Comcare reveals public servants' bizarre compensation requests

By @mik_mapa on
healthcare
A mother holds her newborn baby in the hospital in Viseul de Sus in the Transylvania region of Romania, January 5, 2017. Reuters/Andreea Campeanu

Comcare has revealed weird compensation requests by Australian public servants including lawn mowing, longer coffee breaks and breast reductions. The insurer said that the requests had cost $60 million to the taxpayers.

According to the insurer, an obese Australian Bureau of Statistics clerk claimed that he suffered a psychological injury. He claimed to be plagued with fatigue, dizziness and breathlessness because he was bullied and harassed. He claimed that he was not able to mow his lawn and requested for a compensation. Unfortunately, the request was rejected. The Administrative Appeal Tribunal believed that his wife and two adult children could mow the lawn one to two hours a fortnight.

Another public servant claimed that her nose and mouth were injured after pulling a light fitting off the wall during a wild romp. The incident happened while she was having sex in a motel room during a work trip. The case was carried on for six years and cost taxpayers more than $600,000. The insurer won the case and no compensation was given to the public servant.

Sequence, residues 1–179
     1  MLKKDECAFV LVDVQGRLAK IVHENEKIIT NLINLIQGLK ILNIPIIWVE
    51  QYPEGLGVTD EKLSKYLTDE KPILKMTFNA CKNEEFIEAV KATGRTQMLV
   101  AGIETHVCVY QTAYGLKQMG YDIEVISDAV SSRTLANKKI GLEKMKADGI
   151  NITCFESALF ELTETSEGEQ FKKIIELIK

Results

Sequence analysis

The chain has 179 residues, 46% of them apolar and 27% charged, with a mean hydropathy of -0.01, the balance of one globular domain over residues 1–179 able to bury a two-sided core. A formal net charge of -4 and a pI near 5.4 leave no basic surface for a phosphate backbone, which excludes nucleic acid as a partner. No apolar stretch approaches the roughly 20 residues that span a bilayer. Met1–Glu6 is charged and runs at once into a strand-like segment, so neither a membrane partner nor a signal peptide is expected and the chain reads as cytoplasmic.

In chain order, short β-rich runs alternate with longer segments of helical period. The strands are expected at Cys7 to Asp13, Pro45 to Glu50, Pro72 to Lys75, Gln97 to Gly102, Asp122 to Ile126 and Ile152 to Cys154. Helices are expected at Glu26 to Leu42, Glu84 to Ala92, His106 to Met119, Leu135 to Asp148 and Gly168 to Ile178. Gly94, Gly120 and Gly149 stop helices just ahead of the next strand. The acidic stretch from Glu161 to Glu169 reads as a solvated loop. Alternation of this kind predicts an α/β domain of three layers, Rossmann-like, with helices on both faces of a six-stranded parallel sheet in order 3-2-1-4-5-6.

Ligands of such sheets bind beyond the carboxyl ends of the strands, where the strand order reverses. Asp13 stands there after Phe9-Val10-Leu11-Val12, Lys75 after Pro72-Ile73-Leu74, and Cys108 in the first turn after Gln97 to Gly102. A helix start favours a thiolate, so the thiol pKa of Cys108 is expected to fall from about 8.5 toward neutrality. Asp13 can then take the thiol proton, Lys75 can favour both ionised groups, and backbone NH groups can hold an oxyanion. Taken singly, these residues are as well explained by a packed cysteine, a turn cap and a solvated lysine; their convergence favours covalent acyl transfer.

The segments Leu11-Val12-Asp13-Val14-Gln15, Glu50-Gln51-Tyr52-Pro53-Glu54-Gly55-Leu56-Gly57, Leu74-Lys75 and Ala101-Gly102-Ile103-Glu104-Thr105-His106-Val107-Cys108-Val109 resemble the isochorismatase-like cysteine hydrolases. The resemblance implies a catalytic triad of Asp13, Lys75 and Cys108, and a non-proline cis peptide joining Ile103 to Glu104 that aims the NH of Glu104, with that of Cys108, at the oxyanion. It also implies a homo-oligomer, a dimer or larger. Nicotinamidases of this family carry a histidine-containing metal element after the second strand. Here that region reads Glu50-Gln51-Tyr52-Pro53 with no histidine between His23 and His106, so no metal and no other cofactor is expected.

In another case, a breast reduction compensation was requested to the insurer by an ATO worker. The worker demanded $20,000 for the procedure which cost taxpayers more than $100,000. According to the worker, the size of her breasts gave her a neck and shoulder pain. However, the insurer ousted it by saying to the Federal Court that the surgery was not related to her work. She had the surgery but not granted the compensation.

An ATO worker demanded longer coffee breaks as she claimed that her dietary requirements required her to take organic coffee and soy milk. The worker said that it took her more than 15 minutes to find a cafe during her morning coffee break. She claimed that the unreasonable treatment by her boss has triggered her adjustment disorder. The insurer rejected the compensation.

The insurer said that it needed to fight the bizarre claims to maintain the compensation scheme's integrity. A spokesman said that failure to do it would lead to increased legal costs to resolve disputes. It would also expose the scheme to more claims testing the boundaries of the legislation.

The Comcare spokesman added that the company continually monitors disputed claims with a view to earlier resolution wherever possible. The Comcare spokesman said that once the case progress into the Federal Court of the High Court and the Administrative Appeals Tribunal, the legal costs escalate considerably.